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Here was a gentleman of Normandy,

I have seen myself, and serv'd against, the French,
And they can well on horseback: but this gallant
Had witchcraft in't; he grew unto his seat;
And to such wondrous doing brought his horse,
As he had been incorps'd and demi-natur'd
With the brave beast: so far he topp'd my thought,
That I, in forgery' of shapes and tricks,

Come short of what he did.


King. A Norman.

A Norman, was't?

Laer. Upon my life, Lamord.


The very same.

Laer. I know him well: he is the brooch, indeed, And gem of all the nation.

King. He made confession of you;

And gave you such a masterly report,
For art and exercise in your defence,'
And for your rapier most especial,

That he cried out, 'twould be a sight indeed,

If one could match you; the scrimers3 of their nation,
He swore, had neither motion, guard, nor eye,

If you oppos'd them: Sir, this report of his
Did Hamlet so envenom with his envy,
That he could nothing do, but wish and beg
Your sudden coming o'er, to play with you.
Now, out of this,-


What out of this, my lord?

King. Laertes, was your father dear to you? Or are you like the painting of a sorrow,

A face without a heart?


Why ask you this?

King. Not that I think you did not love your father; But what would you undertake,

I could not contrive so many proofs of dexterity as he could


a in the science of defence.

3 the fencers.

To show yourself in deed your father's son
More than in words?


To cut his throat i' th' church.
King. No place, indeed, should murder sanctuarize;
Revenge should have no bounds. But, good Laertes,
Will you do this, keep close within your chamber:
Hamlet return'd, shall know you are come home:
We'll put on those shall praise your excellence,
And set a double varnish on the fame

The Frenchman gave you; bring you, in fine, together,
And wager o'er your heads: he, being remiss,
Most generous, and free from all contriving,
Will not peruse the foils; so that, with ease,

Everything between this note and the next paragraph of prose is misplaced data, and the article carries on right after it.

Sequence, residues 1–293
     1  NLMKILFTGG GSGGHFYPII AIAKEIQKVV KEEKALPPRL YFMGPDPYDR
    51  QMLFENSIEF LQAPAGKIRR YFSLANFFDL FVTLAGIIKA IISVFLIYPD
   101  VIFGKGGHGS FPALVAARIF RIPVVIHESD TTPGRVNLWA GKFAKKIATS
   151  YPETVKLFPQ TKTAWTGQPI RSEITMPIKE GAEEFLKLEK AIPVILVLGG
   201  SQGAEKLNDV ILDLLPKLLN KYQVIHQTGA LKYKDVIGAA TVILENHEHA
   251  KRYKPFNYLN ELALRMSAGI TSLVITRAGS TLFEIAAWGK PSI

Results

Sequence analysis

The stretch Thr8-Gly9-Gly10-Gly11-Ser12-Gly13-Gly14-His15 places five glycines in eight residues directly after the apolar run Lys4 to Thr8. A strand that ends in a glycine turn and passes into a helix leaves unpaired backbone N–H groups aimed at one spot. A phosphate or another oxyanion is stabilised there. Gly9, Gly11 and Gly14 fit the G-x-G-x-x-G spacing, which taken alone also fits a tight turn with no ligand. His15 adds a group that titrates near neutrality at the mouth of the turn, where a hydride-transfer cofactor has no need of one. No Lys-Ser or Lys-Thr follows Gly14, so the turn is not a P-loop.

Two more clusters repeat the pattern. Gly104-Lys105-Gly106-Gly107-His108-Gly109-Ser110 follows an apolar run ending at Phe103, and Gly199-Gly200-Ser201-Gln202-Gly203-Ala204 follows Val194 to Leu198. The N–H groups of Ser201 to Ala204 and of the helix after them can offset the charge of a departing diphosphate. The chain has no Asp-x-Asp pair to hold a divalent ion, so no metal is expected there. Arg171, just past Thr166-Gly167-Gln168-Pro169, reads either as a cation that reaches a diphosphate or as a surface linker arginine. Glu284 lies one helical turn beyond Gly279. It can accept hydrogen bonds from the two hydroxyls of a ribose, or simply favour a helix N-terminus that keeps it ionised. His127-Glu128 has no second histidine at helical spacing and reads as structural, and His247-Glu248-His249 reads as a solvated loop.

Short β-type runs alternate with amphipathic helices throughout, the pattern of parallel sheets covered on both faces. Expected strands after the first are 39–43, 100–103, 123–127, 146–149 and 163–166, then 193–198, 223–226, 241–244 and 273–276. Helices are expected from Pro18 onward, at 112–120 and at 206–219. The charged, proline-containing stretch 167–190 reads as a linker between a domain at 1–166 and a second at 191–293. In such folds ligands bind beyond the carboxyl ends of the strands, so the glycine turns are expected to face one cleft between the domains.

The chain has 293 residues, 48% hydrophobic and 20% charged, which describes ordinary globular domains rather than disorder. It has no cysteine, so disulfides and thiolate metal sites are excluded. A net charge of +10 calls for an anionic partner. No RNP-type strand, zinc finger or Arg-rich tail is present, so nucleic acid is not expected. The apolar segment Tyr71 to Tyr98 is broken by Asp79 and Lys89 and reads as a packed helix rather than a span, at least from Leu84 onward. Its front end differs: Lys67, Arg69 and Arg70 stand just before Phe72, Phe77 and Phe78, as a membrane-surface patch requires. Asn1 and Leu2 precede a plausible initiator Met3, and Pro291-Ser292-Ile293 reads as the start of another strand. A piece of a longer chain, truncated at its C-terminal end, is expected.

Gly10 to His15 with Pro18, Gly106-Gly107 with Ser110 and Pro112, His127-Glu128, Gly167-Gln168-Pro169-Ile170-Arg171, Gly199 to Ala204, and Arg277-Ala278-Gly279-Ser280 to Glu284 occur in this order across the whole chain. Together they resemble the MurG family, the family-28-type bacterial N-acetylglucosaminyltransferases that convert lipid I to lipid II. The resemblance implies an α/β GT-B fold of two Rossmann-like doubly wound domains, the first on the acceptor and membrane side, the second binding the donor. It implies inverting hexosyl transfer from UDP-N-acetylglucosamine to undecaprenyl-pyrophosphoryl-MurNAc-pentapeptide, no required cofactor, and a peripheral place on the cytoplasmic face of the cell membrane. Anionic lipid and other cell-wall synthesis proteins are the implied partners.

Or with a little shuffling, you may choose
A sword unbated.' and, in a pass of practice,2
Requite him for your father.

I will do't:
And, for the purpose, I'll anoint my sword.
I bought an unction of a mountebank,
So mortal, that but dip a knife in it,

Where it draws blood no cataplasm3 so rare,
Collected from all simples that have virtue

Under the moon, can save the thing from death,
That is but scratch'd withal: I'll touch my point
With this contagion; that, if I gall him slightly,
may be death.



Let's further think of this; Weigh, what convenience, both of time and means, May fit us to our shape: if this should fail,


And that our drift look through our bad performance,
'Twere better not assay'd; therefore this project
Should have a back, or second, that might hold,
If this should blasts in proof. Soft;-Ïet me see :—

' not blunted, as foils are by a button fixed to the end.

2 a thrust for exercise.


3 Poultice.

may enable us to assume proper characters, and to act our part.

5 A metaphor taken from the proving of fire-arms, which often blast, or burst, in the proof.

We'll make a solemn wager on your cunnings,—

I ha't:

When in your motion you are hot and dry,
(As make
your bouts more violent to that end,)
And that he calls for drink, I'll have preferr'd him
A chalice for the nonce; whereon but sipping,
If he by chance escape your venom'd stuck,'
Our purpose may hold there.


But stay, what noise?

Enter Queen.

How now, sweet queen ?

Queen. One woe doth tread upon another's heel, So fast they follow:- Your sister's drown'd, Laertes. Laer. Drown'd! O, where?

Queen. There is a willow grows ascaunt the brook,
That shows his hoar leaves in the glassy stream;